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LAW 122 (616)
Chapter 1

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Ryerson University
Law and Business
LAW 122
Theresa Miedema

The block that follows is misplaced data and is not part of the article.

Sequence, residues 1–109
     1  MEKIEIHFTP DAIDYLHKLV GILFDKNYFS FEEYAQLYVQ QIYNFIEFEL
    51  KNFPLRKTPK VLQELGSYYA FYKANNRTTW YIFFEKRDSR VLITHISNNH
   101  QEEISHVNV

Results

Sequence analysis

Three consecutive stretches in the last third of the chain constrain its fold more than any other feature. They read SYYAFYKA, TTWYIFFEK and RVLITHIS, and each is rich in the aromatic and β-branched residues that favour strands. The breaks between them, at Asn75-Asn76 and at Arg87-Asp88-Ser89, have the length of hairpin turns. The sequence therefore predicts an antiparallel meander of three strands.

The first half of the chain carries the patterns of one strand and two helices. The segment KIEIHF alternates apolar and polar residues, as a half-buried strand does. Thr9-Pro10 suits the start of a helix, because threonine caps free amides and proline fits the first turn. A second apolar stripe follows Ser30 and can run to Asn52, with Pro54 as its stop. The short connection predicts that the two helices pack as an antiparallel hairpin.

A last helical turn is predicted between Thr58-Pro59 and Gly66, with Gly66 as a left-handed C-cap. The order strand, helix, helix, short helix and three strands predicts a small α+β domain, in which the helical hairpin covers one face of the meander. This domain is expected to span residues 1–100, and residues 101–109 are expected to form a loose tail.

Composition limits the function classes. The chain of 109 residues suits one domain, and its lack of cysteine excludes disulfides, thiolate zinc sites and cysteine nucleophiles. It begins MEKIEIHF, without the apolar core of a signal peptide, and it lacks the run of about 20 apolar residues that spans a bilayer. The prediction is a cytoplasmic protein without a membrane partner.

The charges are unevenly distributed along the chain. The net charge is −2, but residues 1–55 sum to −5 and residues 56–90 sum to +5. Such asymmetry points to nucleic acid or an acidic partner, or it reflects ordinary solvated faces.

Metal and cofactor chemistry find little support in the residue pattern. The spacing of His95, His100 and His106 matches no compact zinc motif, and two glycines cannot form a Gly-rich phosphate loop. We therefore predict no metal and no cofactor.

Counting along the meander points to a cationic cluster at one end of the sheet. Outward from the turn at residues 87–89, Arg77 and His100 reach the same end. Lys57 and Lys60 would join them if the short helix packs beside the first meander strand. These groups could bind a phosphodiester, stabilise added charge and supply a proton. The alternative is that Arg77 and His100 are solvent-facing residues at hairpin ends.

Chapter 1 Law Notes Risk Management and Sources of Law  Law shapes and reflects how people interact Why Study Law?  Success and failure are the result of choices (maximize profit, minimize losses)  Every choice has legal consequences; some profitable, some disastrous Risk Management  Risk management is the process of identifying, evaluating, and responding to the possibility of harmful events  Identification: liability is actually being held legally responsible, which, along with the possibility of being sued, you need to be concerned about  Evaluation: if you evaluate whether it is worth it to go ahead with legal action, or another action that may result in your being sued  Response: you are now in the position to make an informed decision  The goal is not necessarily to eliminate risks (taking chances is necessary for a business to survive or profit) but to manage them  Some risk management strategies: 1. Risk avoidance: the risk may be too serious 2. Risk reduction: some risks can be reduced to an acceptable level through precautions (a bank getting a mortgage for giving a loan for a house) 3. Risk shifting: if a risk cannot be avoided or reduced, if may be shifted to another party. Two of the most important are insurance and exclusion clauses. An independent contractor is a person who performs services on behalf of a company, but who is not a regular employee of that company, making the company no longer vicariously liable for the actions of that person 4. Risk acceptance: sometimes it is appropriate to accept a risk  Besides making sure that their employees are carefully picked and properly trained, there are more legal concepts in businesses 1. Insurance: a contract in which one party agrees, in exchange for a price, to pay a certain amount of money if another party suffers a loss. Liability insurance provides a benefit if the purchaser is held liable for doing anything wrong. Property insurance provides a benefit if the purchasers’ property is damaged, lost, or destroyed. Insurance shifts the risk 2. Exclusion and limitation clauses: sales within business are created by contracts which often contain exclusion or limitation clauses. Such a clause is a contractual term that changes the usual rules of liability. It may attempt to exclude all risk of liability, or for certain types of acts or losses, or limit the amount of compensation available. In some cases the company can do so by posting a sign somewhere on its premises 3. Incorporation: an individual who chooses to act in a personal capacity may be held personally liable for any debts or liabilities incurred by the business. To avoid this, many business are set up as companies or corporations, which means limited liability. Shareholders or directors, will not be held liable for debts. The company may be lost, but the people behind it may be safe. This does not protect individuals from all risks  Risk management may require you to hire a lawyer, who can help you in problems that you may not be able to resolve or avoid yourself An Introduction to the Legal System The Nature of Law  It may be difficult to distinguish between moral obligations and legal obligations  Law is a rule that can be enforced by the courts  You may be punished through public opinion (unflattering article, disliked by people) but not legally  What is immoral may not be illegal, but what is illegal is usually immoral A Map of the Law  Civil law systems trace their history to ancient Rome  A jurisdiction is a geographical area that uses the same set of laws  Common law systems trace their history to England  The differences between civil and common law systems means that there are differences between the laws that apply in Quebec and the ones that apply in the rest of Canada  Criminal and Constitutional laws are the same across the country  Refer to figure 1.1 on page 8 for a map of the law Public Law  Public law is concerned with governments and the ways in which they deal with their citizens (including Constitutional law, administrative law, criminal law and tax law)  Constitutional law provides the basic rules of our political and legal systems (who is entitled to create and enforce laws, fundamental rights and freedoms)  Administrative law is concerned with the creation and operation of agencies, boards, commissions and tribunals (profound impact on business)  Criminal law deals with offences against the state; concerned with people who break the rules that are designed to protect society as a whole  White-collar crimes are committed by people in suits (a manager who steals from the petty-cash drawer)  Corporate crimes are committed by a company (used car dealership rolling back odometers on its vehicles is fraud committed by the company)  Tax law is concerned with the rules that are used to collect money for public spending Private Law  Private law is concerned with the rules that apply in private matters (law of torts, the law of contracts, the law of property)  Can apply to two person (individuals or corporations) or government (a private person can sue a public body)  A tort is a private wrong; an offence against a particular person i. Intentional torts; assault or false imprisonment ii. Business torts; deceit and conspiracy iii. Negligence; most situations where one person carelessly hurts another  The law of contracts is concerned with the creation and enforcement of agreements; governs transactions i. The scale of goods; such as cows and computers ii. The use of negotiable instruments; such as cheques iii. Real estate transactions; such as purchase of land iv. The operation of corporations v. The employment; relationship that exists between a business and its workers  The law of property is concerned with the acquisition, use, and disposition of property i. Real property; land and things that are attached to land ii. Personal property; things that can be moved from one place to another iii. Intellectual property; things that consist of original ideas (patents and copyrights)  Every company owns personal property, most have interests in real property, and a growing number rely heavily on intellectual property  Other areas of law that deal with forms of property i. The law of succession; deals with the distribution of a person’s property after death ii. The law of trusts; deals with a situation in which one person holds property on behalf on another Overlap  Different areas of law can overlap  A single event can trigger more than one set of rules (committing both a crime and a tort)  Some situations involve various types of law Sources of Law  There are 3 sources: the Constitution, legislation, the courts The Constitution  The Constitution is the document that creates the basic rules for Canadian society, including its political and legal systems; the most important source of law  Every other law in the country must be compatible with it; section 52 states “the Constitution of Canada is the supreme law of Canada, and any law that is inconsistent with the provisions of the Constitution is, to the extent of the inconsistency, of no force or effect”  The Constitution (the fundamental rules of Canadian society) is very difficult to change. It can only be changed through a special amending formula, which requires the consent of the Parliament plus the legislature of at least two-thirds of the provinces, where those consenting provinces represent at least 50 percent of the country’s population Division of Powers  Canada is a federal country because it has two levels of government  Federal: the Parliament of Canada, located in Ottawa, governs the country as a whole. The House of Commons consists of members of parliament (MPs) who are elected from every province and territory. The Senate consists of senators, who are appointed to their jobs. The Queen of England remains the head of state. In reality, the country is run by the prime minister, who is the leader of the political party with the most MPs  Provincial and territorial: in addition to electing MPs to represent them in Ottawa, Canadians also elect politicians to represent them within their own provinces and territories. The elected body, or legislature, is usually called the legislative assembly. Each of the 13 legislatures is similar to parliament for the most part; power is really held by the party with the most elected members, whose leader is the premier  You are always subject to federal and provincial laws if you live in Canada  The division of powers states the areas in which each level of government can act to minimize contradictions or overlaps (section 91 and 92 of the constitution establish this)  Residual power gives the federal government authority over everything that is not specifically mentioned (things that did not exist when the constitution was written in 1867)  When a government tries to create a law outside of its own power, it is acting ultra vires (“beyond the power”), which means that “such laws have no force o